If you want to get more complicated, you can take your business’s operating expenses into account. Suppose you average $100,000 a year in overhead spending across your rent, human resources, training, insurance, office supplies, and other costs. Divided over 50 working weeks and 40 working hours a week, this comes out to $50/hour in overhead expenses.
Add the two together ($37.50 + $50) and you’ll get a better approximation of your time. Following with our example, you’ve now got $218.75 into the project.
Of course, you’ll also want to add in any fees associated with the content piece itself. If you spent $20 to have a graphic designer create a quick intro image, your total goes up to $238.75.
Here's what that all will look like in your calculations:
Note: This is where it becomes obvious how important it is to track your time properly. Tracking even 15-20 minutes of time incorrectly can really throw your estimations off!
Again, none of these calculations are perfect. If you have other employees working for you, for example, they would ideally produce some value that offsets the proportion of the overhead expenses that can truly be attributed to your content marketing work. But the key here is to avoid getting caught up in the nuances -- a rough estimate of the monetary value of the work you’ve put into your content piece is sufficient.
(As a side note, Toggl’s pro version allows you to set your hourly rate on a per-project basis, allowing you to run these calculations on the fly. It's an additional $5/month if you’d rather avoid these manual calculations every time you want to measure a piece of content's ROI.)
Step #5: Measure your ROI.
Finally, it’s time to come up with overall ROI.
In the case of our book sales, we’ve created $112.50 in revenue at a cost of $238.75. Dividing the benefit by the cost gives us an ROI of -53%. On the other hand, in our swimming pool installation example, we’ve generated $2,500 of revenue at a cost of $238.75. In this case, our ROI is nearly 1000%.
So what can you do with this information?
Say you make it a priority to check the ROI of five of your content pieces each month. That should give you enough data over time to identify the winners and losers of your content campaigns.
Look for trends among your best performing pieces and your weaker ones. Are they all the same format (for example, video posts versus text blog posts)? Do they touch on the same subjects? Do they reach buyers at the same stage of the purchasing process?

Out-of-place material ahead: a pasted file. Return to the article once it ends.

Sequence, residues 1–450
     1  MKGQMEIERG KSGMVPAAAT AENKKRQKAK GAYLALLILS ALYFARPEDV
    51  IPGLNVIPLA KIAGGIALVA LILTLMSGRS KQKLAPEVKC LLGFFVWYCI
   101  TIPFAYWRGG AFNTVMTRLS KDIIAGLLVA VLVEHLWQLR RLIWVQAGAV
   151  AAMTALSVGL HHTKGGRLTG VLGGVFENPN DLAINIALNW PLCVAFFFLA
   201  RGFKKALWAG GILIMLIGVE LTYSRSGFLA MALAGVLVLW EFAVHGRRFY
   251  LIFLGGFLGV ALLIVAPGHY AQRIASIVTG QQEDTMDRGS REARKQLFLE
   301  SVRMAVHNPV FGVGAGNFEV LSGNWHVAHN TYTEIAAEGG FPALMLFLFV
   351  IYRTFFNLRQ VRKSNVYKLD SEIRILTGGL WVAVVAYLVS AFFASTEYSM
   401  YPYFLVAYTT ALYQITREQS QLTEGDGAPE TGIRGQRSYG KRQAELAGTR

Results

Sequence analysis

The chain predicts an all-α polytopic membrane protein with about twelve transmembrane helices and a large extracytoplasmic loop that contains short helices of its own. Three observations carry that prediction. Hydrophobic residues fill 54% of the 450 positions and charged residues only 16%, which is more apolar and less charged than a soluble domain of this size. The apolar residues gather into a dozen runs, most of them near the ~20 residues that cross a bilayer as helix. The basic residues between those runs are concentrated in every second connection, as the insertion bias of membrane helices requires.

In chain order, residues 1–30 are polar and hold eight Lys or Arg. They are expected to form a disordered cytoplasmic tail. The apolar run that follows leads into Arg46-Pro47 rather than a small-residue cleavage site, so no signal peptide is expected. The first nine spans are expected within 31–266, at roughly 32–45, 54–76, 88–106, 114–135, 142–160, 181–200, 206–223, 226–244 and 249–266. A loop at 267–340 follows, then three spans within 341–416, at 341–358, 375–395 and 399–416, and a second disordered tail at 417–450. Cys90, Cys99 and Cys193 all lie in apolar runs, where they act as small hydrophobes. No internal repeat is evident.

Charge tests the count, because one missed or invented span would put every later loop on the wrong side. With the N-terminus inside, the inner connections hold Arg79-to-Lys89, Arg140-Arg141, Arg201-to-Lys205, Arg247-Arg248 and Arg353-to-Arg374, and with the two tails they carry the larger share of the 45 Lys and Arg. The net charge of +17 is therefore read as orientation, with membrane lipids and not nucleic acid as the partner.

Use this information to make informed decisions about the future of your content campaigns.
If our book seller found consistently higher ROI from video posts than from text-based blog posts, he should focus on delivering more video clips. Similarly, if our swimming pool installer sees lower returns when sharing audio interviews on his blog compared to the success of his text-based blog posts, he should adjust his approach unless future ROI calculations suggest otherwise.
Knowing the ROI of your content marketing efforts -- even if all you can get is a best guess -- gives you power. It gives you the ability to structure your campaigns so that you’re not wasting time creating content that doesn’t serve your business objectives. And if you’re a content marketer on a larger team, it gives you the confidence needed to sell the results of your hard work to your manager and other higher-ups.
If you haven’t already tried calculating content marketing ROI, give it a shot today. Then, come back once a month for at least 4-6 months to generate the data needed to make meaningful improvements to the success of your content campaigns.
Do you track the ROI of your content marketing pieces? If so, share the approach you use in the comments section below!
Originally published Dec 3, 2014 8:00:00 AM, updated December 14 2017
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HubSpot was founded in 2006, so we're a relatively small startup company. One issue I have been pondering recently is the HubSpot brand, and how much (or little) we had grown the brand in the past year or so.